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Wild hamster population gets a boost from across the border
Hamsters from the Netherlands are being introduced to Flanders to top up the creatures’ gene pool. Flanders’ own wild hamsters are struggling to survive, as their natural habitat is under threat and the population has shrunk to a size where inbreeding is becoming a serious risk to their health.
The hamsters that live wild in Flanders are less colourful than the golden hamsters usually kept as pets, but have been part of the region’s indigenous wildlife for centuries. They build their nests on the fringes of fields and forage among the crops, hence the local name korenwolf, or corn wolf.
The industrialisation of farming drastically reduced the wild hamster population, so that the animals can now only be found in small areas around Tongeren, in Limburg. Initial efforts to save them involved working with farmers to find ways to protect their natural habitat. Numbers have now stabilised, but that is not enough.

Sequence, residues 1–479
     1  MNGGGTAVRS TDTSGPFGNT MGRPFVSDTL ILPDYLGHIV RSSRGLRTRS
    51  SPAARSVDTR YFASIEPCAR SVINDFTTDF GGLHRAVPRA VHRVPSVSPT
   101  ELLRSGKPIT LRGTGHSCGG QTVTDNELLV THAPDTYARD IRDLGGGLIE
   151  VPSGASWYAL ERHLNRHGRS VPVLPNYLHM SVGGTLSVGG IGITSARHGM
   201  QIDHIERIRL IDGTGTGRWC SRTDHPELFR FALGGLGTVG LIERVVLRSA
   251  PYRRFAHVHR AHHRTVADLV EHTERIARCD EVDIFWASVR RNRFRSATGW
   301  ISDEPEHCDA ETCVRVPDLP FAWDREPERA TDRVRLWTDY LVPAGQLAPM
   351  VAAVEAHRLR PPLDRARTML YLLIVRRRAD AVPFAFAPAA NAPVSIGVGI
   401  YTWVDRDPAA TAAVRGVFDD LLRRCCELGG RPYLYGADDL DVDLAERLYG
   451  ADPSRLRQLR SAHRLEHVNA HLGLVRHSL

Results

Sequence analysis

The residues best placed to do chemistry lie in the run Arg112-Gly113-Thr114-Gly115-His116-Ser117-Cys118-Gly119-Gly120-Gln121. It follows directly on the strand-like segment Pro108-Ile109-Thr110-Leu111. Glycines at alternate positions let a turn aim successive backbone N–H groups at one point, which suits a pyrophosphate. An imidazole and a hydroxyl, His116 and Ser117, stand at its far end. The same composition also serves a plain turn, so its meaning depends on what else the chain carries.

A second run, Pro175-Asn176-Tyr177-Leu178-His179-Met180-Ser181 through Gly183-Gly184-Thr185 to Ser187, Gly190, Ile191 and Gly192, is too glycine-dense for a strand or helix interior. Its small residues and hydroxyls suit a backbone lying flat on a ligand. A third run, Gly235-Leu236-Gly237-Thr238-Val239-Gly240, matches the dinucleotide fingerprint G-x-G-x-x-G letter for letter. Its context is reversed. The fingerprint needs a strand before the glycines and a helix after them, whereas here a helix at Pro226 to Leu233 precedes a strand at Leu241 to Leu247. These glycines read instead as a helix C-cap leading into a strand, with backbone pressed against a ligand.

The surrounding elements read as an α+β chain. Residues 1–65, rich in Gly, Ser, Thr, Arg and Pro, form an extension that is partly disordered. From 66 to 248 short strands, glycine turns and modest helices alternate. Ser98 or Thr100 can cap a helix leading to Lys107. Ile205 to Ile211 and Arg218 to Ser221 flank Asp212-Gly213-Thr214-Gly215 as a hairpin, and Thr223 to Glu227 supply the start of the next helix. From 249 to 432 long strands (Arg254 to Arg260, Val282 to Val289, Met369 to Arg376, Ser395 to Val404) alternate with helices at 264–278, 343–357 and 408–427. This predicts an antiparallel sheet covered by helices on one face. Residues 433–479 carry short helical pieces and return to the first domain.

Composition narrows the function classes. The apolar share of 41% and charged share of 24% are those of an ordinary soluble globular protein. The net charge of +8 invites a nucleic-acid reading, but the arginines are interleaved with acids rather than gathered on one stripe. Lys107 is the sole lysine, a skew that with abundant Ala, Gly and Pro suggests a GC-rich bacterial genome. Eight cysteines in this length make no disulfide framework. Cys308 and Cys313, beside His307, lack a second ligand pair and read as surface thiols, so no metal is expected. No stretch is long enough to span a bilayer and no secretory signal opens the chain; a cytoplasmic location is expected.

“If we want to keep the species here, then it has to expand,” said Inge Nevelsteen, co-ordinator of the hamster protection project at the regional land agency for Haspengouw and Voeren, in an interview with Radio 2 Limburg. “If the number of animals falls below a critical threshold you will get too much inbreeding, and then the species doesn’t thrive.”
The hamsters being parachuted into Tongeren have been bred in captivity in the Netherlands, under a similar programme to support endangered populations. Care has been taken to make sure the animals being introduced to Flanders will be a good fit.
“We’ve also looked at their genetic characteristics,” said Bart Tessens of the Agency for Nature and Woodlands, “and the animals that are now being released in Tongeren really belong here.”
Photo courtesy VRT